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How what you eat impacts your weight

June 22, 2011 3:00:30 PM PDT
Putting on the pounds over the years sometimes seems to happen without our even noticing. But researchers at Harvard "have" noticed and their study published today shows us which foods help us add the pounds and, perhaps more importantly, which foods don't.

The study followed some 121-thousand people, associating their weight gain and the foods they ate.

It's no surprise that pounds seem to creep into our bodies over the years. As a matter of fact, most average adults add on about a pound a year. That can mean that as years add up, so do the pounds.

"People gain gradually, about a pound a year, but after 10 years, it's 10 pounds. After 20 years, you're talking about a lot of weight gain," Dr. Keith Ayoob at the Einstein College of Medicine said.

Harvard researchers looked at the most common food eaten by the people who gained the most weight over a 20 year period.

The five foods adding the most pounds were:

  • Potato chips
  • Potatoes
  • Sugary drinks (soda)
  • Red meat
  • Processed meats like hot dogs and bologna

    People who did not gain as much over the 20 year period also are some specific foods:

  • Whole grains
  • Fruits
  • Vegetables
  • Nuts
  • Yogurt

    Not surprisingly, engaging in physical activity also made a difference in how much weight one "did not" add on through the years.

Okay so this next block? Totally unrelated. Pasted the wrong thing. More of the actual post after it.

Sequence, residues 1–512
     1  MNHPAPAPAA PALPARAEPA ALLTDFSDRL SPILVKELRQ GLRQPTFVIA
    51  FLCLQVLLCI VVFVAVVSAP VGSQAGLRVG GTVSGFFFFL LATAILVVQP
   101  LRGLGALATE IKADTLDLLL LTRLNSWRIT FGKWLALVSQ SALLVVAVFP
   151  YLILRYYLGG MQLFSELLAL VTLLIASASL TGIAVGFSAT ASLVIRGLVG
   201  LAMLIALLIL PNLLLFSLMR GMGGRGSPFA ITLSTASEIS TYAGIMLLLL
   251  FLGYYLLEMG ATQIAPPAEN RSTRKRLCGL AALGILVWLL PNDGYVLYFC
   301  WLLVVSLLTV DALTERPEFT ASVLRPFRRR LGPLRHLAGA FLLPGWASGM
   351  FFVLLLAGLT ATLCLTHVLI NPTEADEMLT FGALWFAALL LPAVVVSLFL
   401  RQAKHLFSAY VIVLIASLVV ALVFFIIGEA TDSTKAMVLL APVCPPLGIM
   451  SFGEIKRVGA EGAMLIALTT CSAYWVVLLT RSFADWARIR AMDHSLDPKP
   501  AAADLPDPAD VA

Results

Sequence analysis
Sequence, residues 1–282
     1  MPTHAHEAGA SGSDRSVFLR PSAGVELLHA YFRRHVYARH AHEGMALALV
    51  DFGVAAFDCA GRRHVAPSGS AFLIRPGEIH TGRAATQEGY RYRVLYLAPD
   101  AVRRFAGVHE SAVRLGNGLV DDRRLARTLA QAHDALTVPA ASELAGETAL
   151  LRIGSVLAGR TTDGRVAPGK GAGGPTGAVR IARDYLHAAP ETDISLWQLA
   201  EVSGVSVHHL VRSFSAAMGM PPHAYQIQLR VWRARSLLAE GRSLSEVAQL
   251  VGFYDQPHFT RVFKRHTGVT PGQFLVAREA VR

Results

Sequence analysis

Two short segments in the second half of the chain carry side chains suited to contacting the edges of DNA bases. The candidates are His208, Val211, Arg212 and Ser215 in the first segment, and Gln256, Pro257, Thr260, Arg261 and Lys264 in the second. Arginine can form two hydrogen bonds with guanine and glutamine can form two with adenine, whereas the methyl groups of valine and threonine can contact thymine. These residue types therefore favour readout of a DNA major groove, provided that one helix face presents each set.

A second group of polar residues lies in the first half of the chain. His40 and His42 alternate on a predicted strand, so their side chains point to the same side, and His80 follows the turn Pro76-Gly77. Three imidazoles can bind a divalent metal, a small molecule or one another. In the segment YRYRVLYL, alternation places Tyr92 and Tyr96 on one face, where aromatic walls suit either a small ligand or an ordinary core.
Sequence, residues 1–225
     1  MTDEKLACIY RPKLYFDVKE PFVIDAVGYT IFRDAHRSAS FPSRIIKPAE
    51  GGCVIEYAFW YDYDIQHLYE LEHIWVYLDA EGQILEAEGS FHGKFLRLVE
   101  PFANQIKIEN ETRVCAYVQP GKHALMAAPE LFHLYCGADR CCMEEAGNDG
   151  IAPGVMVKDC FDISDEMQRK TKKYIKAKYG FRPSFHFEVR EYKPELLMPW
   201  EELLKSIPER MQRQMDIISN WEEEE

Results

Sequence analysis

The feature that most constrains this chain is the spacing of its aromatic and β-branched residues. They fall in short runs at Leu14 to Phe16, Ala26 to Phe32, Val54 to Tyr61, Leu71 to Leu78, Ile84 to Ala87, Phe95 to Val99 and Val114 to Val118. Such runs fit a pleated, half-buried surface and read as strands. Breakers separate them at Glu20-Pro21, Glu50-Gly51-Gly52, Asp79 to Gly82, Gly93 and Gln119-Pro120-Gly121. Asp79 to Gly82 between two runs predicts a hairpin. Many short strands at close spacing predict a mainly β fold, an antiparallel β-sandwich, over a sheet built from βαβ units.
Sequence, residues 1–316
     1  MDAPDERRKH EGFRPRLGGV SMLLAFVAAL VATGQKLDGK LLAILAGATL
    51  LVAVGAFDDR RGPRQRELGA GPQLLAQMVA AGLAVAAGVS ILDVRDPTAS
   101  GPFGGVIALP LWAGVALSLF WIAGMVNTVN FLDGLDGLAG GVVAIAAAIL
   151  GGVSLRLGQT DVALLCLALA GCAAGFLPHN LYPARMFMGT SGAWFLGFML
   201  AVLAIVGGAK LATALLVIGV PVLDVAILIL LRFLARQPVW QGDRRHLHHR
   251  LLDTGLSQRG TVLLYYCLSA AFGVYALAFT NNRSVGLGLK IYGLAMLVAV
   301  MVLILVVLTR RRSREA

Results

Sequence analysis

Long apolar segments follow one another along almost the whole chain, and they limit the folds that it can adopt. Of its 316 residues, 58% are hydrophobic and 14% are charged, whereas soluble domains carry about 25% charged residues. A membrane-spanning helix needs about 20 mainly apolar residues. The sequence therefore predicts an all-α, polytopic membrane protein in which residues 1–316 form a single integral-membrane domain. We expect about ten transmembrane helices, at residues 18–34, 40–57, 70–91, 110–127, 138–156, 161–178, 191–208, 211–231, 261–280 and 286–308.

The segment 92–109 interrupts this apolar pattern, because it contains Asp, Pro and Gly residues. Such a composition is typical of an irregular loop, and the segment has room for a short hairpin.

For Dr. Keith Ayoob at the Albert Einstein School of Medicine, the study can be a guide to weight control through healthy choices of food.

    "It certainly is likelier to gain weight as we get older, but you want to minimize it, which is possible. And you can do that if you're able to maintain a physically active lifestyle and eat a healthier diet," added Dr. Ayoob.

    Even making a small change, like cutting out sugary drinks, can make a difference.

    "That's one of the easiest things to do and this research show that sugary beverages contribute to weight gain," Dr. Laura Jeffers, R.D. at Cleveland Clinic said.

    And that's a 'weight' to start. Cut out some of those foods that tend to put on pounds, add on some of those that don't, and get that physical activity into your life, if possible on a daily basis. No matter how low or little it is, everything is a start.

    The study is published in the New England Journal of Medicine.


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